|Publication number||US3936871 A|
|Application number||US 05/470,415|
|Publication date||Feb 3, 1976|
|Filing date||May 16, 1974|
|Priority date||May 16, 1974|
|Publication number||05470415, 470415, US 3936871 A, US 3936871A, US-A-3936871, US3936871 A, US3936871A|
|Inventors||Windell N. Mohon|
|Original Assignee||The United States Of America As Represented By The Secretary Of The Navy|
|Export Citation||BiBTeX, EndNote, RefMan|
|Patent Citations (6), Referenced by (11), Classifications (11)|
|External Links: USPTO, USPTO Assignment, Espacenet|
The invention is in the field of optics, education and simulation and more narrowly in the field of projectors and image displays.
In the field of education, the use of simulation, using projectors, displays and other devices, is of ever increasing importance for reasons of time, economy and effectiveness. Display screens are of particular importance for the display of realistic environment and operational conditions. However, there are several areas in which image display and transfer and display means would benefit by improved techniques, if available. One example is in multi-color television displays.
Conventional multicolor televisions are accomplished by scanning electron beams across the screen, which is coated with various phosphors that emit the desired colors. The light emitted from the screen is not spectrally pure because the light produced by the phosphors has a very wide bandwidth. The light emitted by the screen is not coherent, and therefore cannot be used to carry other information besides intensity. The vertical resolution of the screen is commonly limited to about 0.01 inch because of the horizontal scan technique, and the order in which data points can be scanned is usually fixed because of the horizontal scan techniques.
State-of-the-art laser televisions are commonly implemented by scanning a modulated laser beam across a diffuse screen by means of acousto-optic deflectors, electro-optic deflectors, rotating mirror scanners, or piezoelectric scanners. These devices do provide spectrally pure colors and coherent output light. These devices do not increase the vertical resolution nor do they provide a random data point readout.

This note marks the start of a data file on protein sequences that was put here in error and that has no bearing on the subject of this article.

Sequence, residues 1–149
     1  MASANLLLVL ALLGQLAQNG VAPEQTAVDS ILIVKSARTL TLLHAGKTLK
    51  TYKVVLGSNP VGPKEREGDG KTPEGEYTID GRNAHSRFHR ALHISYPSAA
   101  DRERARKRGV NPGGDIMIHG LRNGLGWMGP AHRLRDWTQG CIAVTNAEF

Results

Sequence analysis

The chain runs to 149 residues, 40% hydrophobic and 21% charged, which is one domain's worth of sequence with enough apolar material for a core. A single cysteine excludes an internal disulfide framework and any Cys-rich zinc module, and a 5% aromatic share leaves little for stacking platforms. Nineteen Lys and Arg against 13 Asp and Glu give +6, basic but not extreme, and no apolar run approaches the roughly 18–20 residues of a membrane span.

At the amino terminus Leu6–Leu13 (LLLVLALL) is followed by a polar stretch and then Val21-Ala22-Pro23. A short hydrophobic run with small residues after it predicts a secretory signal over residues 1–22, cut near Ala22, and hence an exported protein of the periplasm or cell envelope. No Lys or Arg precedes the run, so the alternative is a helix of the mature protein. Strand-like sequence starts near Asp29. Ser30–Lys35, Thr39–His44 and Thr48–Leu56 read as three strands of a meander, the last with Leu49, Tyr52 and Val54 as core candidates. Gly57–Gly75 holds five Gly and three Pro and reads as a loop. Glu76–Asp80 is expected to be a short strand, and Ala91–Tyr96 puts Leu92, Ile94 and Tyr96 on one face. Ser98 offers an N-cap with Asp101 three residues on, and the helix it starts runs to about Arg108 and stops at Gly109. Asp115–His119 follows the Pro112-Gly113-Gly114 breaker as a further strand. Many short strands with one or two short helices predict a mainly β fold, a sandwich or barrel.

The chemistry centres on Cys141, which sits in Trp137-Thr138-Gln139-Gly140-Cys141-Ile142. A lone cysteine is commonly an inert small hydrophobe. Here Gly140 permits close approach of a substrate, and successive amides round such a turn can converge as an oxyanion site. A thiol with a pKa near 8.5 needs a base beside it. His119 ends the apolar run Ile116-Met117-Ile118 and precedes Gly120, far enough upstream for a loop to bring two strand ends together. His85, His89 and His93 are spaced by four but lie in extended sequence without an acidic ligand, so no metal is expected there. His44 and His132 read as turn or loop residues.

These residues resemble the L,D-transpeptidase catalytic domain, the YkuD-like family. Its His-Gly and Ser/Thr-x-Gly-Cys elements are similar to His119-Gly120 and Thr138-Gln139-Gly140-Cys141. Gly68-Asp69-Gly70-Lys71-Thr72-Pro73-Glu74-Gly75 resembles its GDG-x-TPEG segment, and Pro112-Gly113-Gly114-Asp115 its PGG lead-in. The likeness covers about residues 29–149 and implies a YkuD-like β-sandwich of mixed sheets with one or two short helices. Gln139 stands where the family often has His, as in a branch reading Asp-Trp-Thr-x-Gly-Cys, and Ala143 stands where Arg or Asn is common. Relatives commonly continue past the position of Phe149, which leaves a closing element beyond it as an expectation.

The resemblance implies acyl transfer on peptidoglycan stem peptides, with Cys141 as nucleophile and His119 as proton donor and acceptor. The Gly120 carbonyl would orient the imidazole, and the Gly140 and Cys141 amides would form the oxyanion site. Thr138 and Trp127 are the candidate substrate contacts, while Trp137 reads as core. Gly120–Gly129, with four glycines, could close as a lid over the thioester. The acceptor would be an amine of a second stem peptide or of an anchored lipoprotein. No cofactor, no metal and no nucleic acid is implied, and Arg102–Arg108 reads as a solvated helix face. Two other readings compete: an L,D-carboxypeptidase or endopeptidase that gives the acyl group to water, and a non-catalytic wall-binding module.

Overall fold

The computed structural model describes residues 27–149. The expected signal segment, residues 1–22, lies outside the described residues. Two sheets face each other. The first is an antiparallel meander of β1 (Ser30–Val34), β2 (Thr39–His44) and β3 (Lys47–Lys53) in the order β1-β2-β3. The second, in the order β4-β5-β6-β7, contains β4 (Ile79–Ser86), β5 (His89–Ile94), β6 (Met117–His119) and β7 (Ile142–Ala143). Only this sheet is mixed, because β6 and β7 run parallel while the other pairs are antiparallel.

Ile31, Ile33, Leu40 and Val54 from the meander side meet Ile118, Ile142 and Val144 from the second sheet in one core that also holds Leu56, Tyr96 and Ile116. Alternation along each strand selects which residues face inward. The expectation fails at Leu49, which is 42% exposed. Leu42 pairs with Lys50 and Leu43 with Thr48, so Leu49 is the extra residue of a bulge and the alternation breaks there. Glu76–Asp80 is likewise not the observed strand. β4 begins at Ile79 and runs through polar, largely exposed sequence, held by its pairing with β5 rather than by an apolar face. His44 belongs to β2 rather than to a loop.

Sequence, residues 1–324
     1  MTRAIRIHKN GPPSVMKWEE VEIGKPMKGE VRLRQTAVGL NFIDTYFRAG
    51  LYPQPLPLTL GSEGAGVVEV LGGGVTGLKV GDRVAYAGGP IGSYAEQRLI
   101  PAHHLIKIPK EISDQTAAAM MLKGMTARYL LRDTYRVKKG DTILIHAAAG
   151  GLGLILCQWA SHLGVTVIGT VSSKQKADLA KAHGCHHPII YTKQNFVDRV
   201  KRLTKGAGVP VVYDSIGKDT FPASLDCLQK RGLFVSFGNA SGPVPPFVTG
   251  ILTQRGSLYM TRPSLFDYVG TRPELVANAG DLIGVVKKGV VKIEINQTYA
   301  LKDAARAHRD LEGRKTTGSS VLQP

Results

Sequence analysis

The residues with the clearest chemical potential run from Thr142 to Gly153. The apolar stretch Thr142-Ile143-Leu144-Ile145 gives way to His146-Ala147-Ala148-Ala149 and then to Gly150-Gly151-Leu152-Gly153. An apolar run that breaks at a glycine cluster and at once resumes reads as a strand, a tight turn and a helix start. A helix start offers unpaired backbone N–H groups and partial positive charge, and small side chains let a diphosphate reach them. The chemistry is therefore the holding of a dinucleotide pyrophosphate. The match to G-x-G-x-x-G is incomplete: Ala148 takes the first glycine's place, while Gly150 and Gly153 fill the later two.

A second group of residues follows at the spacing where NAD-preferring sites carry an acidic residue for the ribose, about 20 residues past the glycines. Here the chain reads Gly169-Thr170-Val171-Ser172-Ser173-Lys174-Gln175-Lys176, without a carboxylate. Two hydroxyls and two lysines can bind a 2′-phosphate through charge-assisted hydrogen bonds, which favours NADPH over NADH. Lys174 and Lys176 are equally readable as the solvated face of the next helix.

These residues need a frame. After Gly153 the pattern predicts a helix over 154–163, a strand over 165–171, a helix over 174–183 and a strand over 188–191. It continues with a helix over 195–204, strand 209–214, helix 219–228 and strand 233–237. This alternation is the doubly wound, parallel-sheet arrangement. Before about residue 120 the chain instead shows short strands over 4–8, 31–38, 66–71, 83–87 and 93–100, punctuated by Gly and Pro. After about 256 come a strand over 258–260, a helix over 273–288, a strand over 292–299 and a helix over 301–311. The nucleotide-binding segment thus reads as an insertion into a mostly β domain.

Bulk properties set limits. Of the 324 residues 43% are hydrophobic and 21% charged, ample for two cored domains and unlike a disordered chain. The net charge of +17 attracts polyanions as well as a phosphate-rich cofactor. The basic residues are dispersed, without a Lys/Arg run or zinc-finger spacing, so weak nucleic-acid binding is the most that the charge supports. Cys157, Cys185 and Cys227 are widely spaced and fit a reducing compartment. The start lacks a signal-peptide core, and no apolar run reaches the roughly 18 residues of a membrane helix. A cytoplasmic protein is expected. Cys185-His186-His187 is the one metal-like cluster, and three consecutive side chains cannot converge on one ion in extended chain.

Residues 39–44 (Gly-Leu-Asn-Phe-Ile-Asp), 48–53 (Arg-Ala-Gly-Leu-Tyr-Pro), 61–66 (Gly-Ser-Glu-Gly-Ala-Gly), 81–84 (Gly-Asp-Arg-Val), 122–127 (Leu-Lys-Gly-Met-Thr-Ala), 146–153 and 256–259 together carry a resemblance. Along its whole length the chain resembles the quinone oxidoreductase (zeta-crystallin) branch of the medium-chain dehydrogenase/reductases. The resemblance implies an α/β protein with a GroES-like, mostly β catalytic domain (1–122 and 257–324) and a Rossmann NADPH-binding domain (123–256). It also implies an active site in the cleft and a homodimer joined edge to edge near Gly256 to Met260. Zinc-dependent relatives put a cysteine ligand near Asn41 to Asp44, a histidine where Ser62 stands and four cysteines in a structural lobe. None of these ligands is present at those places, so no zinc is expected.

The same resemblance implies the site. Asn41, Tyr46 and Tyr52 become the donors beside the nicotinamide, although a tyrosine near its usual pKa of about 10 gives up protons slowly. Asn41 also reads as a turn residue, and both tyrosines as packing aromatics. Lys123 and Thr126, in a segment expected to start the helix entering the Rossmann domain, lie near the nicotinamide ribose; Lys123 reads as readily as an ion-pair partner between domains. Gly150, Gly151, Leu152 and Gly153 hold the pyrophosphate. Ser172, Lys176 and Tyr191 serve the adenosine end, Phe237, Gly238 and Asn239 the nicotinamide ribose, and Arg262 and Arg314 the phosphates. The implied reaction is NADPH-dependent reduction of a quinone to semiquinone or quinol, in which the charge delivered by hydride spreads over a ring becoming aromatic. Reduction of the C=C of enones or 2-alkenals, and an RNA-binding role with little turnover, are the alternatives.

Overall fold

The subject invention provides an improved display, eliminating the disadvantages noted above while providing a simple, reliable, effective system of improved resolution, readability and brightness, the system being applicable not only to television displays but also to displays of images in the infrared and micro ranges of wavelength.
The invention contemplates a multi-wavelength display system in which a plurality of electro-magnetic radiation source means provide a plurality of beams of selected different wavelengths which are directly modulated in intensity by individual modulators receiving activating instructions from a programmable data input source and combined with a common reflector scan means, and groups of pluralities of waveguides having their input ends scanned by said common scan means and their outputs supported in a preselected arrangement to form, via said waveguide output ends, a display means. It is understood that electromagnetic radiation is defined to mean "radiation associated with a periodically varying electric and magnetic field that is traveling at the speed of light, including radio waves, light waves . . .," and hence includes light waves, infrared radiation waves and maser waves, which are the three types of waves with which this invention is concerned and which fall in the range of frequencies of 109 to 1017 Hertz.
FIG. 1 is a schematic view partially in perspective of a multi-wavelength display system incorporating the invention; and
FIGS. 2 and 3 are schematic views of modifications of a portion of FIG. 1 used to explain additional aspects of the invention.
Apparatus incorporating the invention in one preferred form is shown schematically in FIG. 1. The apparatus in FIG. 1 represents a color television display system in which, according to the invention, multi-colored laser beams 10, 12, 14 derived from respective lasers 16, 18, 20 are directly modulated by respective modulators 22, 24, 26 which receive data input from a frequency to voltage analog signal converter 28 such as a television receiver as described on pages 340-343 of Television, How It Works, 2nd Edition, by J. Richard Johnson, Rider Publishing Co., New York, 1956, Library of Congress Catalog Card No. 55-12539. The image signals may be applied to the converter from any suitable source, as for example from a video color camera 30 via the television transmitter and receiver antennae 32 and 34, as described on pages 334 - 340 of said publication, Television, How It Works, the camera 30 being directed to the image scene indicated at 36. The television camera 30 scans the scene 36 one horizontal line at a time by means of three independent color sensor systems and encodes this data for transmission, as described on pages 332 - 334 of said above-mentioned publication, Television, How It Works. A similar system is also described in U.S. Pat. No. 3,507,984, wherein the encoded transmission signal is used to drive three modulators which modulate three color laser beams.